Tag Archives: tribute concert

A Thousand Kisses Deep – Jackson Browne

I first heard Leonard Cohen’s A Thousand Kisses Deep, from 2001’s Ten New Songs, while staying at my friend Yo Zushi’s flat after a recording session in London, six or seven years ago. It hit me immediately as a wonderful song, and this is not a reaction I have had that often to Cohen’s music, much of which I like, but almost all of which I have to feel my way into slowly over repeated listens. Late at night after a long, draining day, as semi-background music, in a city that I knew well but no longer called home, it sounded remarkable.

The next time I listened to it was at home, after acquiring my own copy, on my big old hi-fi (God rest it, wherever it now may be). The spell was broken. The song was still a multi-layered thing of wonder, but it stood revealed as, like so much of his post-seventies work, a risible piece of recorded music. His semi-spoken vocal wasn’t the problem, and neither was the arrangement. It was the execution. Sharon Robinson, Cohen’s collaborator (producer, backing singer and occasional co-writer) on Ten New Songs, had put together the backing tracks to all the songs, but on what sounds like the cheesiest, chintziest keyboard that Casio manufactured in the mid-1980s. It wasn’t what had been played, but what it had been played on. Up loud on my big hi-fi speakers, the recording’s deficiencies were no longer ignorable.

But still infatuated with the song, I went fishing for covers. Surely hundreds of singers had wanted to get their teeth into so meaty a text as this? And surely one of them was a recording worthy of such a piece of writing? Searching the song title on iTunes showed that while relatively few artists had attempted the track, among the ones who had was an A-lister. Jackson Browne. His version comes from a live album called Acordes con Leonard Cohen from 2006. It was recorded at a Cohen tribute concert in Barcelona, with Browne one of the few English-speaking artists on the bill (most of the songs are sung in translation). How and why Jackson Browne ended up on the bill, I couldn’t say.

Browne has always been a better writer than a singer, so I was really curious to hear how he’d do singing someone else’s material. To my surprise, his version allowed me to fall in love with the song again. Performing this song, singing Cohen’s words, the eternally boyish Browne sounds altogether deeper and darker, going to places as a singer I’d never heard him go before. He burrows into the song and explores all of its possibilities from the inside, sometimes just savouring the sound and feel of the words. There are still elements of Cohen’s version I prefer; Browne gives it a good go, but he can’t match the sense of condescension, menace even, that Cohen brings when delivering lines like “You win a while and then it’s done, your little winning streak”. Nevertheless, Browne’s reading of the song is thoroughly creditable, and the magnificent band utterly transfigure Robinson’s arrangement (again proving that what she’d written was good, but that she and Cohen had erred in not cutting the record with a real band), particularly Javier Mas with his reading of the instrumental of the instrumental hook on the bandurria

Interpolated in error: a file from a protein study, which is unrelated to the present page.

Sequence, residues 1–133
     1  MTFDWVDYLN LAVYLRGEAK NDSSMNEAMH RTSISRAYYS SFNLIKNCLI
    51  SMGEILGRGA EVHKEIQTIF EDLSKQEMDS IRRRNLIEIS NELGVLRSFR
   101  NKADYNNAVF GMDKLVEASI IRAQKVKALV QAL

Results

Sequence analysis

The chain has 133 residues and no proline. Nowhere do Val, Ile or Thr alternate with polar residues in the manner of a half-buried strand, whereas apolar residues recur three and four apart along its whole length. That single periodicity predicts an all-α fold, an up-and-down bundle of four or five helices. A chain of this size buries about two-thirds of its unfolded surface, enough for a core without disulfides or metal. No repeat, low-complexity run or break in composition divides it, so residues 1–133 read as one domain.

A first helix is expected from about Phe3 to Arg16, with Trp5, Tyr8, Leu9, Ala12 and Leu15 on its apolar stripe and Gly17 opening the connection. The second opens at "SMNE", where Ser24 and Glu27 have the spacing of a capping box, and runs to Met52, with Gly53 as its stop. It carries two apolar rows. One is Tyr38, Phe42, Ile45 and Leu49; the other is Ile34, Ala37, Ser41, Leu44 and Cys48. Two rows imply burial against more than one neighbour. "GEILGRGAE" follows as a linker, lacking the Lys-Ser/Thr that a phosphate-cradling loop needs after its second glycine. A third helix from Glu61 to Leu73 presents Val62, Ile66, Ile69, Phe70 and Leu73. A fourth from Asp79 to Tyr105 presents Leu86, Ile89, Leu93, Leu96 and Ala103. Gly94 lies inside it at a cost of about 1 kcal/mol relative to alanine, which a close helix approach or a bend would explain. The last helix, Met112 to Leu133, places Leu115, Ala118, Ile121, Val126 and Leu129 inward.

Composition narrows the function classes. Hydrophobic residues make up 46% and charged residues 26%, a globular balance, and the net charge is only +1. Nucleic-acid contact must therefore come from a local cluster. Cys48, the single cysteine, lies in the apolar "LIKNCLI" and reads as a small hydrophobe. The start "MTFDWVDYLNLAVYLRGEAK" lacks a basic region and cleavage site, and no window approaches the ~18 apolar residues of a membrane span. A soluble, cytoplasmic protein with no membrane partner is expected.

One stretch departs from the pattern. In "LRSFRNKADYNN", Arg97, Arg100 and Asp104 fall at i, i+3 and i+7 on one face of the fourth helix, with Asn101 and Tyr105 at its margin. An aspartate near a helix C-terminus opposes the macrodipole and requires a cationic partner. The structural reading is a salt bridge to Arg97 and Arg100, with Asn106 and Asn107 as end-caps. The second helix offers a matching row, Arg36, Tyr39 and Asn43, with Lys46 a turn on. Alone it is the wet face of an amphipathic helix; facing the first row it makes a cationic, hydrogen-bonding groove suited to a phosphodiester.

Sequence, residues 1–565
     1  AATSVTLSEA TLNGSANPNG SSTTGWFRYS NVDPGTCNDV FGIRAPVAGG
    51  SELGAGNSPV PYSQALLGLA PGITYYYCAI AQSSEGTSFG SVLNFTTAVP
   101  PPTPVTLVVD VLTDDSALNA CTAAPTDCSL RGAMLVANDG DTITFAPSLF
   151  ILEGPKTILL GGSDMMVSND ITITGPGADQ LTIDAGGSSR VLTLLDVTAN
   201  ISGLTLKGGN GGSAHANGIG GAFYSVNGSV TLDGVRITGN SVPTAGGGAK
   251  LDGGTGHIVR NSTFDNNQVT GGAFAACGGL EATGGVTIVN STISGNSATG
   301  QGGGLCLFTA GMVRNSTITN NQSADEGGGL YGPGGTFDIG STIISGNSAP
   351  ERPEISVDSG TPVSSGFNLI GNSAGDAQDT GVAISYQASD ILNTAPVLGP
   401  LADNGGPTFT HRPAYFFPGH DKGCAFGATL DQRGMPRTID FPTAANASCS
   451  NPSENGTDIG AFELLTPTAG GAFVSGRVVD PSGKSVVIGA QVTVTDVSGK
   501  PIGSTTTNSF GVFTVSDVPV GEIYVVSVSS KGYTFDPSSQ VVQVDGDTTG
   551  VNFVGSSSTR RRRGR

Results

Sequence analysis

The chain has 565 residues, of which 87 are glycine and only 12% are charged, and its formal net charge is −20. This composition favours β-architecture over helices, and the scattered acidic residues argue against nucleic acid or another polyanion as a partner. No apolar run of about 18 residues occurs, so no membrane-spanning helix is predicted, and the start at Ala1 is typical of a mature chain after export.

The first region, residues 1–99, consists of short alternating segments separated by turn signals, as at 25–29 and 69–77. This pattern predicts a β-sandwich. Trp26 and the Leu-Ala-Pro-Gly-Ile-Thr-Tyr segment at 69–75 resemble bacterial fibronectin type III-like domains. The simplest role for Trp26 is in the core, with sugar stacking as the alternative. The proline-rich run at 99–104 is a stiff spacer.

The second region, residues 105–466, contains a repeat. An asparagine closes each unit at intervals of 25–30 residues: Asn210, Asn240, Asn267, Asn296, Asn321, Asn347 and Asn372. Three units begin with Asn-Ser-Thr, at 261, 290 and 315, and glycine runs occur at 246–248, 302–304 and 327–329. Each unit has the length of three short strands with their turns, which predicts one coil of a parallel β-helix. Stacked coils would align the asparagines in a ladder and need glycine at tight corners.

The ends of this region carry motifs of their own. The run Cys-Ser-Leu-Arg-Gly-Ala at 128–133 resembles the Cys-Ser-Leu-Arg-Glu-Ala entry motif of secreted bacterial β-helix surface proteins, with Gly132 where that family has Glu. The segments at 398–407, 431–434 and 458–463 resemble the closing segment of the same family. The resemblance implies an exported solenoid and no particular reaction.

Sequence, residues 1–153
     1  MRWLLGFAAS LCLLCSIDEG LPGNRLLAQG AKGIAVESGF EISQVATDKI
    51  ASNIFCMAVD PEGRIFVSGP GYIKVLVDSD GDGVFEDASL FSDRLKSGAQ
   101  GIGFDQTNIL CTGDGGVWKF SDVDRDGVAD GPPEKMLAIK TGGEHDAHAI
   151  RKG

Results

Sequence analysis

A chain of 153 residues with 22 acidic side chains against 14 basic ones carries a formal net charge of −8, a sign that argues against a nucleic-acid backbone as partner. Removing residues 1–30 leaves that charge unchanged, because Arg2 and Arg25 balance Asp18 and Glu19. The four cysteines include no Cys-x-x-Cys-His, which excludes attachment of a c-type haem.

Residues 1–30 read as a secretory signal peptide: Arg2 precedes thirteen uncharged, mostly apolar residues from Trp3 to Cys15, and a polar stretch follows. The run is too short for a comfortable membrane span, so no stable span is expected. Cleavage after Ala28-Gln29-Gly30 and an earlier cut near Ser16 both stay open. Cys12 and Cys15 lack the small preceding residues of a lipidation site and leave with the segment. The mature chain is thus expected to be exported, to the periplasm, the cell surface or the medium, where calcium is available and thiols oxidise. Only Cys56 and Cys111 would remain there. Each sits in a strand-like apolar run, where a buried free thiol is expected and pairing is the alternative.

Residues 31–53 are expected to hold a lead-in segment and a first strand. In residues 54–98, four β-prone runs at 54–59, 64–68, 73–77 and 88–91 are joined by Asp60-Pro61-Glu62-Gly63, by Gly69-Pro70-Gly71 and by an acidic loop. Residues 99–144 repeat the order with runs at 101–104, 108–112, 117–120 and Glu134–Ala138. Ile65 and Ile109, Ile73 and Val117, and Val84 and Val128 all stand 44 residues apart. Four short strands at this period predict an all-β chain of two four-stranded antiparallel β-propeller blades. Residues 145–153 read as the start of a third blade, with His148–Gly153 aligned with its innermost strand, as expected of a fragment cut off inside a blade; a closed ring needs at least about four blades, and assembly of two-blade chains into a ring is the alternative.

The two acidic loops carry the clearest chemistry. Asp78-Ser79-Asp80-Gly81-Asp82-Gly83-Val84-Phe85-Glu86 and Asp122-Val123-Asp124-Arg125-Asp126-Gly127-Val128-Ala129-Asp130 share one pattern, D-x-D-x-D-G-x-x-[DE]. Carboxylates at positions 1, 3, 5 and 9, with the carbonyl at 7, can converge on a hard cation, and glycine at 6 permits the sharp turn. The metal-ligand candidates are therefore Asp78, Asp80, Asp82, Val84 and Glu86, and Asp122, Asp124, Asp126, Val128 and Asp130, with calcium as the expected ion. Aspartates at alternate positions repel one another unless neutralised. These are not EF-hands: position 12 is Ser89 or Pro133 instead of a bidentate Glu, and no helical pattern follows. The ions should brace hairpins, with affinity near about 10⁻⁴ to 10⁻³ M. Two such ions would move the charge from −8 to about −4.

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Jackson Browne

leonard cohen sharon robinson
Sharon Robinson & Leonard Cohen

The author’s one-take guitar-&-vocal performance of a recent song

Dog Leap Stairs – Kathryn Williams

For any artist who sticks around for a while, record-making gets to be routine after a time. Just like anything else. But debut records aren’t routine by definition. Their stories usually stand out a little. So it is with Kathryn Williams’ Dog Leap Stairs, which had me spellbound for a year or so after its release in 1999.

With the British music press then briefly focused on a trend they dubbed the ‘new acoustic movement’ (NAM), it was a good year to be a singer-songwriter putting out a debut, so Williams’ timing was right, but the fact that the artists who got national-press exposure of the back of NAM were largely horrible helped, too.

The story behind Dog Leap Stairs has been told often, so let’s get it out the way quickly. It was reportedly recorded for £80, and was released on Williams’ own Caw label. She worked in a greengrocer’s shop, a baby-wear shop and as a cleaner to make ends meet in a pre-minimum wage world. She gained precious exposure through a Nick Drake tribute concert at the South Bank, by the clever ruse of not destroying the song she covered (Saturday Sun), and was the subject of a laudatory write-up and interview in The Times from Caitlin Moran, which is how I, and I suspect much of her early audience, came to hear of her.